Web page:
My first boss was Niran Akintunde. He terrified me. I was a young boy looking to cut my teeth as a journalist, and in the press, few were more revered than Niran, Editor-in-Chief of the legendary Mellanby Hall Press Organization at the University of Ibadan, Nigeria. The Press mandated that every writer should submit two well-written original articles weekly, and that was quite a tall order, when combined with a rigorous academic schedule. I tried my best, but I admittedly missed a few deadlines. The toughest part of my week was looking out of my window each morning to see if Niran was visible in the hallways, because I feared his bellow: “Faith! Where are your articles?”
When I went to work for The Guardian as a reporter 12 years ago, I made a rookie error on my first day. As I sat at my desk patiently waiting for my first assignment, I looked around me and saw hard-core journalists typing furiously at their computers. I panicked for a second and wondered whether I deserved to be there, but then I saw my editor walk through the door with a slight smile on his face and three bags hanging off his shoulders. I leapt from my chair and made to help with one of his bags, but he swatted me away like a fly. “Go to your desk!” I wondered what I had done wrong, and it was much later that I realized that he was saying to me “You’re a professional. You’re not here to carry anyone’s bags. You deserve to be here on your own merit.” That was new to me. Over my time there, my boss proved to be a very lovely gentleman who was not short on words of advice, a special tip for my transport back home, or a huge pat on the back when I had my first cover page story published.
My next set of bosses were not so kind. When I worked in the Communications department at the Lagos airport, my line manager was a gem of a lady, but her manager (our boss) was notorious for sending the young ones to buy airtime recharge cards in bulk and scratch each one out for him with little gratitude shown; his boss above him was even more impossible. Whenever she visited form “headquarters”, everyone panicked. After that sour experience, I thought I’ll try out being my own boss for a while, so I struck out on my own for the next three years and greatly enjoyed the world of entrepreneurship, until I moved to South Africa to work at African Leadership Academy.
My first boss was a quaint British lady, Dr. Julia Cave-Smith. She was extremely polite, wore the brightest smile, told endless stories and chuckled at her own jokes, but her reprimands stung like a scorpion’s bite. I considered her a friend, and when she broke down in tears while delivering her farewell speech, it was I who stepped forward to help her finish the words. From her, I learned firmness and compassion. My next boss taught me different things: I arrived for my first day at work at 9:05am, and promptly received an earful on the importance of punctuality. I was taken aback. For the previous five years, I had learned to work on my own schedule, being careful to arrive early enough, knowing that I would very likely be the last to leave the office at night. I did not expect to be called out in that manner, but I quickly learned that my boss, who was going to leave the office at 4pm, needed to know that his team was as committed to their tasks as he expected.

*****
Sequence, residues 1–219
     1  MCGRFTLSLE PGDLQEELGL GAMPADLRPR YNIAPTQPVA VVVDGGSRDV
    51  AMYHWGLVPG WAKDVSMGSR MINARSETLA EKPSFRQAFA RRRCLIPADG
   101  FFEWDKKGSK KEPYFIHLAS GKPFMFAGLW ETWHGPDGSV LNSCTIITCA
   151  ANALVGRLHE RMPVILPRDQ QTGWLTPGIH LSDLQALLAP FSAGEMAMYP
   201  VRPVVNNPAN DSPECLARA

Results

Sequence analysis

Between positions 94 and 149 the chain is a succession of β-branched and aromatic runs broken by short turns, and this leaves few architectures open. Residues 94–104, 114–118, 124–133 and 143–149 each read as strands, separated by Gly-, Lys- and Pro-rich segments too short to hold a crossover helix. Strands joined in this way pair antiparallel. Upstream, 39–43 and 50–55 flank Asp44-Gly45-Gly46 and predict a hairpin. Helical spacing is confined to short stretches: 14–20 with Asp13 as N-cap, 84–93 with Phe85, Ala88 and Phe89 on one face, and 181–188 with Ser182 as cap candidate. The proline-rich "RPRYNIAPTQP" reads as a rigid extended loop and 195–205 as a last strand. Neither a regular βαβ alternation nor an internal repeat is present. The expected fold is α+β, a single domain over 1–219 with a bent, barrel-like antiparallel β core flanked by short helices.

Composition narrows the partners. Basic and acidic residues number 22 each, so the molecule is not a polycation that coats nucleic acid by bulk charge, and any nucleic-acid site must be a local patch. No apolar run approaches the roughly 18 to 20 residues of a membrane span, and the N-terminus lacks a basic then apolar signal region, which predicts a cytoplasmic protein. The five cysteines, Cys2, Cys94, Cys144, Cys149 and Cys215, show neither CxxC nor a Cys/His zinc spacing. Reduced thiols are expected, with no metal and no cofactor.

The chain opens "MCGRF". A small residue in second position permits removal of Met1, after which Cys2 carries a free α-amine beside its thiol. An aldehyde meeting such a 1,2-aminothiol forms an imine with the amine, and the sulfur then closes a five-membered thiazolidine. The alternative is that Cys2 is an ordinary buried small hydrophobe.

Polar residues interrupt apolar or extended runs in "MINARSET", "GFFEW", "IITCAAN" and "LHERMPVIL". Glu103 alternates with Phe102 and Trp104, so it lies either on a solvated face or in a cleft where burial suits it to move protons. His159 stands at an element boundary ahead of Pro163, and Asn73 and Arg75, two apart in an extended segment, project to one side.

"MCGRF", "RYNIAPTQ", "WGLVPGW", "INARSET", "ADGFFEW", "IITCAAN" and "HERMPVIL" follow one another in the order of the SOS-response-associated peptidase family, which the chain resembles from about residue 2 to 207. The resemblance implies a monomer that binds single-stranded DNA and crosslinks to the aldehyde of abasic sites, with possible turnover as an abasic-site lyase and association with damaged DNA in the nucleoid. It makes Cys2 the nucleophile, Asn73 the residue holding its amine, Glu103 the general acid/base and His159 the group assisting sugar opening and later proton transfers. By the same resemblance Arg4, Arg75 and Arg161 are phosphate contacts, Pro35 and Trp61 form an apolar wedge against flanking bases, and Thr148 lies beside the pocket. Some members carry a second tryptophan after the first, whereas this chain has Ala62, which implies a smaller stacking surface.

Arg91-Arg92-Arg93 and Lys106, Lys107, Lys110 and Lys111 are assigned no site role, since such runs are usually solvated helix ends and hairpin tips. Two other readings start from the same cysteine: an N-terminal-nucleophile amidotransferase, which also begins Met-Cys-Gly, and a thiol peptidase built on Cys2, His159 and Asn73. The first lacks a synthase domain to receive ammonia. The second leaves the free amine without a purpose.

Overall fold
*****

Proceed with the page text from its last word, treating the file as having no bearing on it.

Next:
The two years that I spent working with my next boss were simultaneously the most difficult and most exciting of my professional life. I was going through an intense period of self-realization, and I completely fumbled at expressing my preferred work style to my manager. Firstly, I did not like her. I thought she was mean. I was not in a mental state to be cooperative and I found it hard to engage in any manner of conversation with her– whether that involved discussing my activities for the week, giving updates on my projects, or doing my mid-year reviews. It was always frosty and I was always disgruntled. It took the better part of an entire year for the ice to thaw and for me to see her as human. I think we became friends. When she eventually left the organization, she wrote me a card saying “No one has challenged me as a manager as much as you have”. I think we helped each other grow in different ways, and I’m glad that we became friends. We pulled through.
When I moved on to a different boss, I was much more myself as an employee than I had ever been, but I learned new things. I learned that my boss was not finicky about what time I showed up to the office, but if I promised that I would deliver a project by COB (close of business) that day, I had to deliver without fail. I learned that the hard way. He also disliked when I showed up to meetings and presented a challenge to him without any forethought of what potential solutions could be. He wanted me to do the thinking and not just toss problems his way. And whenever I made a mistake, he had no patience for my excuses or explanation; he simply wanted me to own up to my error and move on. He pushed me, very hard, and I grew. He invested a lot in me. I became a lot more confident in my own ideas, and I slowly started to redevelop my own management style taking bits and pieces from all the bosses who had influenced me.
I have a different boss today. I will have more bosses in my future. I know for sure that I will make more mistakes as well, and that I will be compelled to learn from them. What excites me today is that I am not making the same mistakes that I made last year. With each new advancement comes different challenges, but I have learned focus, empathy, stress-management, delivery, and a quality-first mindset from some of the managers with whom I have been privileged to work. I can only hope that I have done a good enough job of passing off some of these lessons to my teams as well.